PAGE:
The plan places a heavy emphasis on updating America's infrastructure and includes investments in improving energy efficiency in buildings and housing as well as promoting production of electric vehicles and conservation efforts in the agriculture industry.
It also includes a portion focused on environmental justice, including a requirement that 40% of the money he wants to spend on clean energy deployment, reduction of legacy pollution and other investments go to historically disadvantaged communities.
In his remarks Tuesday, Biden framed his latest policy proposal as offering a sharp contrast with President Donald Trump on both job creation and the economy.
"When Donald Trump thinks about climate change, the only word he can muster is 'hoax.' When I think about climate change, what I think of is jobs," he said.
Biden said Trump and Republicans have embraced "backward-looking policies that will harm the environment" and "make communities less healthy."
"It's a mindset that doesn't have any faith in the capacity of the American people to compete, to innovate, to win."
Trump campaign surrogates on Tuesday described Biden's energy plan as a waste of taxpayer money and sought to compare it to the Obama administration's clean energy loan guarantee program created as part of the 2009 stimulus effort to bolster an economy reeling from the Great Recession.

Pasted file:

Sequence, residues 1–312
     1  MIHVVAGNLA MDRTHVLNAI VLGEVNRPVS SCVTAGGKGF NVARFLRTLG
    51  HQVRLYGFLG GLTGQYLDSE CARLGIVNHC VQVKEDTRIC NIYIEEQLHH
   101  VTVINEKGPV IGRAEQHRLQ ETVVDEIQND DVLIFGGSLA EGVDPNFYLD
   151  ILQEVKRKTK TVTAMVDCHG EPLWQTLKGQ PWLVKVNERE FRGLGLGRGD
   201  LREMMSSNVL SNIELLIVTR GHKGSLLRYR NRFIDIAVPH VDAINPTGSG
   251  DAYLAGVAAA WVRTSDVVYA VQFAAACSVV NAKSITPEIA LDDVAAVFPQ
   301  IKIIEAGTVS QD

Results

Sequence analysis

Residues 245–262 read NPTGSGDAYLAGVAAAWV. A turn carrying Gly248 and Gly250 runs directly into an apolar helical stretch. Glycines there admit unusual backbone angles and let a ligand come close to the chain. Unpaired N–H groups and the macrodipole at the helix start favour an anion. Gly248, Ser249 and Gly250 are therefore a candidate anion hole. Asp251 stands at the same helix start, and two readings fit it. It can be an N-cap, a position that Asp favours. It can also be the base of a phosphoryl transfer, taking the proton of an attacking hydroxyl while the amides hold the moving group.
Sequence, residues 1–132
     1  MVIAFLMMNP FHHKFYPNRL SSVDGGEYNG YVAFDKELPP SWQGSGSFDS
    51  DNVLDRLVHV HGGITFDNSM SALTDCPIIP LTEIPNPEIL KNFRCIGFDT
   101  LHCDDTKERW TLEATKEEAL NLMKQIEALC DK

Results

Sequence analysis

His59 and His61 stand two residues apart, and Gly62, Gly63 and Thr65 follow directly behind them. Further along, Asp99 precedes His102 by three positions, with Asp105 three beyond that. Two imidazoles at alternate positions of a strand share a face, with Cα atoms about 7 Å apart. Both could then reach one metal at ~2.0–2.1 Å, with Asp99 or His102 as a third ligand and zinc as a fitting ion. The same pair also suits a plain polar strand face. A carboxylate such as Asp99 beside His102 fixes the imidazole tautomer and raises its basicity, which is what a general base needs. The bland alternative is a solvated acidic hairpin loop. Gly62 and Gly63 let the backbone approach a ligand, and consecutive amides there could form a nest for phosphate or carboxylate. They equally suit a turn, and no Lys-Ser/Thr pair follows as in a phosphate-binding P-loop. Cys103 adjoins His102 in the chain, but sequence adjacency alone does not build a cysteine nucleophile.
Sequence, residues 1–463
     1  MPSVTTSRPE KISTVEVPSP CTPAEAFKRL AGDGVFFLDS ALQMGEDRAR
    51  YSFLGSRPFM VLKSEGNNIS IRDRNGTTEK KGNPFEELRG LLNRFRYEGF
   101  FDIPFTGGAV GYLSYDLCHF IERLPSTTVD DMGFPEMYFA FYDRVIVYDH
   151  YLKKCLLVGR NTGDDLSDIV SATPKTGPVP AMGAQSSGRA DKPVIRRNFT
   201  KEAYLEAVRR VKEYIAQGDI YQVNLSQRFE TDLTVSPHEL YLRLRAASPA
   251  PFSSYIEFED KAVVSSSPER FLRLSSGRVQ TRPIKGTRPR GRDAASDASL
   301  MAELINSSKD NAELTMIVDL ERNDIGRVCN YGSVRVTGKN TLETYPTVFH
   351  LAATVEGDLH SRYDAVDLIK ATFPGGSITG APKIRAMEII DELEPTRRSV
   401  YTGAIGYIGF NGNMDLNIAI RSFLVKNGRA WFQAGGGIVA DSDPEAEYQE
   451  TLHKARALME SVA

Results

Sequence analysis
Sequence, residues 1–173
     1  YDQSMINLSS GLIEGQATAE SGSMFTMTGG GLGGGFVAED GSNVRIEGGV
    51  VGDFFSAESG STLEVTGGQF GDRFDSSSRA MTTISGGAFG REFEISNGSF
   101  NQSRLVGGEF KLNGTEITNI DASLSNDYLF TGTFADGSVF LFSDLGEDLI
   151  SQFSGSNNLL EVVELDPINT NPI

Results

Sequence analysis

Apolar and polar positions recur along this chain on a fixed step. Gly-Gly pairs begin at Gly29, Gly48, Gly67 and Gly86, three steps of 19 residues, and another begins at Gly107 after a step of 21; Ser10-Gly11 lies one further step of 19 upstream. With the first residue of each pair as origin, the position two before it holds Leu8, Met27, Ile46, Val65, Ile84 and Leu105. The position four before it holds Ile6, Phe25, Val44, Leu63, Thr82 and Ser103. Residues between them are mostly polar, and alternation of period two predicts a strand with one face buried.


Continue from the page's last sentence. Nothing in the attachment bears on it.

Some companies that benefited from that program, including solar panel manufacturer Solyndra, which won a $528 million taxpayer-backed loan guarantee, collapsed after receiving federal subsidies.
"That is Solyndra on steroids," said Republican House Minority Whip Steve Scalise, in a call with reporters organized by the Trump campaign about the Biden energy plan. "Joe Biden has been here before. You can see his track record."
On a Monday evening fundraising call with renewable energy executives, Biden pledged to make an irreversible impact on the nation's efforts to combat climate change.
"God willing I win and even if I serve eight years, I want to make sure we put down such a marker that it's impossible for the next president to turn it around," he said.
Senior campaign officials said Tuesday morning that the plan includes planks that could be achieved by executive action, and others that would require legislation. The officials, who spoke on condition of anonymity to discuss the campaign's thinking, said many of the energy measures would be included in the first stimulus package Biden plans to bring to Congress.
It would likely face steep opposition from elected Republicans. Democrats need to pick up at least three seats to take back control of the Senate.
But Biden argued during his Monday evening fundraiser that the current "historic set of crises — a pandemic, an economic crisis and systemic racism" — would make it "easier" to pass major reforms like his climate plan.
Climate change, Biden said, "is the existential threat to humanity, and it is real. It is real. And it is urgent, and the public is becoming aware of it. And it may be the very answer to get us out of this economic situation we're in."
Associated Press writer Aamer Madhani contributed to this report.